The legislative landscape

In November 2006, the UAE federal government passed the United Arab Emirates Disability Act (Federal Law No.29/2006, amended in December 2009) to protect the rights of people with disabilities in the social, economic, medical, educational, vocational, cultural and recreational aspects of their lives.

The law provides persons with disability with entitlements in specific areas such as medical and rehabilitation services, education, employment, public cultural and sport and accessible environment. Although this law represents an excellent framework for protecting the rights of UAE citizens with disabilities, its enforcement mechanisms are not defined and implementing these safeguards may prove to be a challenge.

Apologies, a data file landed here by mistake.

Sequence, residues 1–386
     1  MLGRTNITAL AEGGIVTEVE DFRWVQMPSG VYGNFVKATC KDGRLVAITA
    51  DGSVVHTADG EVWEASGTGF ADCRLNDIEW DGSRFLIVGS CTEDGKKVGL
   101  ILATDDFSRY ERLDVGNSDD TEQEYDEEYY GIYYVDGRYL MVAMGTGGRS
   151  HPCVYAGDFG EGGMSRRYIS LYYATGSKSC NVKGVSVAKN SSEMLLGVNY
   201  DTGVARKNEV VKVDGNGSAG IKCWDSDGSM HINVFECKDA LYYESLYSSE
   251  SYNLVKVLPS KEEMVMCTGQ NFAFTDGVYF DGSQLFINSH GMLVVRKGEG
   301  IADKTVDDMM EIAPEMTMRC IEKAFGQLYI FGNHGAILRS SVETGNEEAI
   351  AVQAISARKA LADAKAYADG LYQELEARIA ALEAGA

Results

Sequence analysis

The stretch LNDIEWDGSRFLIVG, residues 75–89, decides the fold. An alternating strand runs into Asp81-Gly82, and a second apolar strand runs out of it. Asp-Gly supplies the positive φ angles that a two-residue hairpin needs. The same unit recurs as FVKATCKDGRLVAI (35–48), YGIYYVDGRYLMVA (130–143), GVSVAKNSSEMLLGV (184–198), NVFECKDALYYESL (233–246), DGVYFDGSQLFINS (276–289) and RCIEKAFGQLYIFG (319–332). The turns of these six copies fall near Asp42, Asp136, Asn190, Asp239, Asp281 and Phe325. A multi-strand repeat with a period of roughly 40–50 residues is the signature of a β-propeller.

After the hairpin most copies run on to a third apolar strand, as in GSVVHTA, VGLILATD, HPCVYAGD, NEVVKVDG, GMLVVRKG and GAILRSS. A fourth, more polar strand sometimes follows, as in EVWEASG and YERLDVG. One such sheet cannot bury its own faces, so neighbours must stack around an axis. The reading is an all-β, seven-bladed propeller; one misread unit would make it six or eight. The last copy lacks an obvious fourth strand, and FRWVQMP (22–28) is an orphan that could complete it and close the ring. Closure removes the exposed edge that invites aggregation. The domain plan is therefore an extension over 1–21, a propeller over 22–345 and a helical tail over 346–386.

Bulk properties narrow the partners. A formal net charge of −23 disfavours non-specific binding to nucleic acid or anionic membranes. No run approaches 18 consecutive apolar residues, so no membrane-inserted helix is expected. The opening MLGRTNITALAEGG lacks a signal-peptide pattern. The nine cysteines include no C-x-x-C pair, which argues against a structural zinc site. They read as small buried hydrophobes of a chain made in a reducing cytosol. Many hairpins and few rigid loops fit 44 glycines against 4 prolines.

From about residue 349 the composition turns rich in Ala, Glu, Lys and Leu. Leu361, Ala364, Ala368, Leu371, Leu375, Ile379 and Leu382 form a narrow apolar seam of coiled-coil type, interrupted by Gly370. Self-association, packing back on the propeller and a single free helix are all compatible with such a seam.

Lack of societal awareness

Fragmentation and dispersion of information, combined with the absence of a centralised point of referral for people with disabilities and their families to receive information and support increase their level of isolation and frustration. The difficulty in attaining consistent information and centralised assistance is further exacerbated by the administrative hurdles and delays that are prevalent in a rapidly growing nation.

The stigma attached to disability caused by the lack of education and awareness of how people with disabilities can be empowered to become fully functioning members of society is a further impediment to the support received by people with disabilities. There is generally a lack of recognition and understanding that people with disabilities can not only take care of themselves, but also contribute to society by being effective members of the workforce.

Despite all these challenges, things are now fortunately moving in the right direction; there is a renewed and genuine attention to the needs of people with disabilities and an indication of commitment from the government authorities to improve the life and the living conditions of people with disabilities.